Before I started this job, I thought competitive cycling was just, well, riding a bike a certain distance, and whoever is the fastest is the winner. Clearly I was very ignorant.

In July, I got into the Tour de France, and was introduced to a more technical side of the sport; I read many articles on why some were faster than others, and the different strategies that make a smart cyclist. Then in August, I spectated my first triathlon, which taught me more about the art of transition and importance of equipment. So when I heard there was going to be a cyclocross race right in my hometown, I thought it’d be a fun and easy event to cover.

I thought the name “cyclocross” itself was an obvious implication of what the sport is; like cross country, it’s riding a bike in the grass. While that is correct, I learned there is much more to it on Sunday at the ABD Sunrise Park Race.

Before attending, I actually did a lot of research – I knew the schedule, understood what each age group and category meant, and reviewed the course. That’s usually more investigation than I do when I cover a road race, so I was really confident I’d be a pro when I got there. Thank goodness I had my friend come with me though, so I didn’t look like a lost puppy on my own.


We walked in from the back end of the race – it was actually at the same place our high school cross country course was, so we knew where to go initially, but when we walked up and saw people of all ages riding on the course, we looked at each other with slight desperation in our eyes – the race didn’t seem to have any rhyme or reason.

My coworker told me to stand at the top of the hill, so knowing where that was, we headed there immediately. I whipped out my camera, but I didn’t want to take pictures of something and not know what it was; a majority of the riders on the course looked like kids, which fit the schedule I had on my phone, as it said the Junior 9-14 race should be happening. But we also saw athletes with and without bibs, some looking really intense and others looking like that were out for a joy ride. What was going on?

Our next step was to find someone who looked even slightly more aware of the happenings than us. We went by the announcer, and he clarified that the next race was Men’s Category Three, after a course inspection. Again, it followed the schedule, but we still wondered why the course didn’t seem to be cleared for the racers.

Then, our questions were answered, when we saw a group of men heading towards the start line all together, and the rest of the course was finally empty. I later learned that if you want to practice the course before your race, you have to time it perfectly, and my friend and I must have just walked in when that timing was perfect.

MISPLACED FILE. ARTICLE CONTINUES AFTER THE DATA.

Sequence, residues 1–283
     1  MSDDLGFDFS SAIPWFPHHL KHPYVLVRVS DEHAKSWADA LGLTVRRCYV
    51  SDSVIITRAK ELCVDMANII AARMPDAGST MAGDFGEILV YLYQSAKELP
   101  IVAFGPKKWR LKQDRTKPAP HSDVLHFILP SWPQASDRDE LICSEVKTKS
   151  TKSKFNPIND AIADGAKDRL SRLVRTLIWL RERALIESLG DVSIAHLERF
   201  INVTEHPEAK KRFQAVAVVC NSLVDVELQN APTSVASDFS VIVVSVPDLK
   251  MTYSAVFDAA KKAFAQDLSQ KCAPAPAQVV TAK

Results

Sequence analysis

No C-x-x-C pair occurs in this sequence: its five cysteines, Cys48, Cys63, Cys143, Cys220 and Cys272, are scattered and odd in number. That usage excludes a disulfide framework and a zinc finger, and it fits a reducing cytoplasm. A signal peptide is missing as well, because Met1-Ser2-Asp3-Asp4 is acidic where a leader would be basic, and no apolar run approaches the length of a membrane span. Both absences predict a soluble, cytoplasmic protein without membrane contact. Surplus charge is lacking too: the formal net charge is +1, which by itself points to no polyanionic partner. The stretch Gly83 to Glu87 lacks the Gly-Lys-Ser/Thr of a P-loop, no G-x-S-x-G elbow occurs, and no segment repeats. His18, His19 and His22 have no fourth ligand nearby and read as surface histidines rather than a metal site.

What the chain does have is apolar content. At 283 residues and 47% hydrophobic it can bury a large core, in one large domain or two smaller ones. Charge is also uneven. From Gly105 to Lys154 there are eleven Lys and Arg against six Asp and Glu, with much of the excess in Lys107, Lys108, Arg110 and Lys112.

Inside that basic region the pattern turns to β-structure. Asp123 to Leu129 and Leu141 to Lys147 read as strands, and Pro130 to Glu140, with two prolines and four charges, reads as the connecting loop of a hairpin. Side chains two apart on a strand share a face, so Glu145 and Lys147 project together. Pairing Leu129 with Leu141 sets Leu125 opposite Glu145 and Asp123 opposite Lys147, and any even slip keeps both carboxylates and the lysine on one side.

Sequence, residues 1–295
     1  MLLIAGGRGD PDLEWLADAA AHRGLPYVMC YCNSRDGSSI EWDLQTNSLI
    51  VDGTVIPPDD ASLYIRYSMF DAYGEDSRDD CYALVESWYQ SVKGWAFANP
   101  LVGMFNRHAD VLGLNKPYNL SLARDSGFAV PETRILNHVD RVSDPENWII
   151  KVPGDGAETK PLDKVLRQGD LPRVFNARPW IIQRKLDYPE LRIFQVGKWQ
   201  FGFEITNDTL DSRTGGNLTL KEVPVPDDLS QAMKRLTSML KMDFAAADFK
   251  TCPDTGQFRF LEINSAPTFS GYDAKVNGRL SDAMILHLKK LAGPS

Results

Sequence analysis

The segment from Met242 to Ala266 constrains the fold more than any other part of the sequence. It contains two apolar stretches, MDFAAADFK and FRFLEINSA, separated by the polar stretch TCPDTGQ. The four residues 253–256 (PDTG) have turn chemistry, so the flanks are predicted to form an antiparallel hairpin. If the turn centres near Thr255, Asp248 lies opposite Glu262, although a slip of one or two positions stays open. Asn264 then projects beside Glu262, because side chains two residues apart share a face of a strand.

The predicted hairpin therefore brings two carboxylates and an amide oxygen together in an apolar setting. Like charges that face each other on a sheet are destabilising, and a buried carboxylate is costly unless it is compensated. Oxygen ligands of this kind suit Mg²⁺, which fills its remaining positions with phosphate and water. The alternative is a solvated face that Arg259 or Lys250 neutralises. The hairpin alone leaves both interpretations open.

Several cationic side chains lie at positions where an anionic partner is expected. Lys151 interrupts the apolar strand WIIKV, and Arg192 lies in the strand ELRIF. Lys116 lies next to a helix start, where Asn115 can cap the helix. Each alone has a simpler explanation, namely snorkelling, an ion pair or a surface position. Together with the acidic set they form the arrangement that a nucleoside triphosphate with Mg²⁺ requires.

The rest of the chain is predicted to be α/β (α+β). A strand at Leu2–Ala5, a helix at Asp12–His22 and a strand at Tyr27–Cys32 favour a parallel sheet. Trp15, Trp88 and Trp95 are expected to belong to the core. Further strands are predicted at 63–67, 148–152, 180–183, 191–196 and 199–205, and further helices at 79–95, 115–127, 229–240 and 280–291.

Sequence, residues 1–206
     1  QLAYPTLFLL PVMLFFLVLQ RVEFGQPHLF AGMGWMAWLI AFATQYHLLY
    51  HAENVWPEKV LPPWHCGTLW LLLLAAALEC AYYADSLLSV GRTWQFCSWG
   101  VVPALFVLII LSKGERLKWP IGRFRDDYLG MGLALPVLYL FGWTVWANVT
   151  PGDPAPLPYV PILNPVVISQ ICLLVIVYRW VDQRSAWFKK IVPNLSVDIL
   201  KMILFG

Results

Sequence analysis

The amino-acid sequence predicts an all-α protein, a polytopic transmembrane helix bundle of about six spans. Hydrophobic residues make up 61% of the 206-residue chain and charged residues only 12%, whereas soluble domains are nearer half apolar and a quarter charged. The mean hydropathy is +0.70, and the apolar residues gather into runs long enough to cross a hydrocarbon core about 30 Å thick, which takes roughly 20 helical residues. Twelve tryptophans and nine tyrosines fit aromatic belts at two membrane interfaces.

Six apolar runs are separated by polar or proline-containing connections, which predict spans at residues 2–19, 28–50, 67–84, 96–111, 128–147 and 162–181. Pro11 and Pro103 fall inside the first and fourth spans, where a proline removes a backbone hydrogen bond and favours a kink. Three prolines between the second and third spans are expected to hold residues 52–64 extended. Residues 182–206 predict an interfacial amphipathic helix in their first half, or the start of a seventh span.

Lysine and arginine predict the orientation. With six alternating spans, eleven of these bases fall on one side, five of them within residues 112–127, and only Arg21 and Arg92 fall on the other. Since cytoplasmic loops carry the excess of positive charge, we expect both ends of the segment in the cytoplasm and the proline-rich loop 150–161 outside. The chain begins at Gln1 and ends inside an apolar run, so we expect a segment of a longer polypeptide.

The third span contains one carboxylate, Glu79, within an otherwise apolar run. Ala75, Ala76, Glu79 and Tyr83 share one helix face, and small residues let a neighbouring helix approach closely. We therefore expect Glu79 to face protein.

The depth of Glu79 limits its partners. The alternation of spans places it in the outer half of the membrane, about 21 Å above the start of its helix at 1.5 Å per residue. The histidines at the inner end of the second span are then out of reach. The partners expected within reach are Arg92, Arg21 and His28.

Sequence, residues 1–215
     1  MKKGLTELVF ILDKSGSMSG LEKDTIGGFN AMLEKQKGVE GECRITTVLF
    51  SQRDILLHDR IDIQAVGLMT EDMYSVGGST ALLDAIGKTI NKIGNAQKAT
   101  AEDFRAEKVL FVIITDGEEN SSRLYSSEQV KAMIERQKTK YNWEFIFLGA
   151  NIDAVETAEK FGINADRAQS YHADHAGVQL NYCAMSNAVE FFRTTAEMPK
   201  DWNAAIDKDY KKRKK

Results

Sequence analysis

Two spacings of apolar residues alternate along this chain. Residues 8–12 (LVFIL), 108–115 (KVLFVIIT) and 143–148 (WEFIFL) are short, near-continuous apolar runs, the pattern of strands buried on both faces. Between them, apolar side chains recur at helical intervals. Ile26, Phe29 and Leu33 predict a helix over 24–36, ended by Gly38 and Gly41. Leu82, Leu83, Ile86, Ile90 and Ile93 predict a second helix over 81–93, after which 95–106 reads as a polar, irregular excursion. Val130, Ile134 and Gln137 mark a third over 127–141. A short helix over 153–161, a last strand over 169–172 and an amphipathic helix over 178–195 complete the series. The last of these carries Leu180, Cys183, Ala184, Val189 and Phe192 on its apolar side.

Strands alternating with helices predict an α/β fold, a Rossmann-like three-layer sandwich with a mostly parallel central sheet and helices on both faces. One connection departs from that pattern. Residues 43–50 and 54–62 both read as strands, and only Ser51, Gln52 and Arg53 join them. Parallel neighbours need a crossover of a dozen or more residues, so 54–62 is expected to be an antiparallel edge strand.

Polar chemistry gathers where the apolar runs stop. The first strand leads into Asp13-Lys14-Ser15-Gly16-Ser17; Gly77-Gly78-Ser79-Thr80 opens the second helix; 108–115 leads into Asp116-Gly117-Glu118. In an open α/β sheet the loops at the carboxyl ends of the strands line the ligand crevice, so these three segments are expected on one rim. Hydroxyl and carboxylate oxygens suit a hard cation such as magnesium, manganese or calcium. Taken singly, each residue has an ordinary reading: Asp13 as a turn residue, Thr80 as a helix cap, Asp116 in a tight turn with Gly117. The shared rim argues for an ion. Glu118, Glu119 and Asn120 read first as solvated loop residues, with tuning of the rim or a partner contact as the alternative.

Finally, we had a plan. We’d head up to the hill for the first lap, down near the woods for the second, and head to the finish until the end. We did that for both the male and female races, and it actually worked out really well because we were able to see the riders in three different settings on the course.

My coworker was right, the hill was the coolest part to watch; even seeing kids jump over the barrier at the top of the hill holding their bikes was impressive. Then, when the men’s race started, a guy actually cleared the barrier while still on his bike.  He was the only one we saw do that on Sunday, but even the rest of the competitors got over it so fluidly, I realized cyclocross is more than just a ride in the park.

Admittedly, I underestimated cyclocross. I had no idea the extent of intensity that could come with it, and I can only imagine the kind of training the athletes endure for these events. However, I did know going in that most of the cyclocross season is in the late fall and winter, and athletes often encounter snow and bad weather; after understanding the race process and learning the different techniques, I give these athletes so much credit – I’d definitely die trying to hurdle a bike over a barrier with slippery snow on the ground.

Along with the immediate rules of the sport, I also learned that cyclocross is being considered for the 2018 Winter Olympics. Hopefully by then, I can explain the sport to newbies watching it for the first time.

So far, every new event I’ve attended at this job has left me impressed; no matter what sport, athletes are amazing, and seeing people younger than me performing something much more difficult than I’d ever try, inspires me to push myself even more. Maybe I’ll try cyclocross one day, but I think I need to get a bike first.

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Holly's running career began in high school; after being bummed about not making the volleyball team her sophomore year, she decided to join some of her middle school friends on the cross country team. She also did track in the fall, where the 1600 m race was her niche. Since then, she has run several 5Ks, and completed her first half marathon in July 2015. She graduated from Illinois State University in May 2016 with a degree in journalism.

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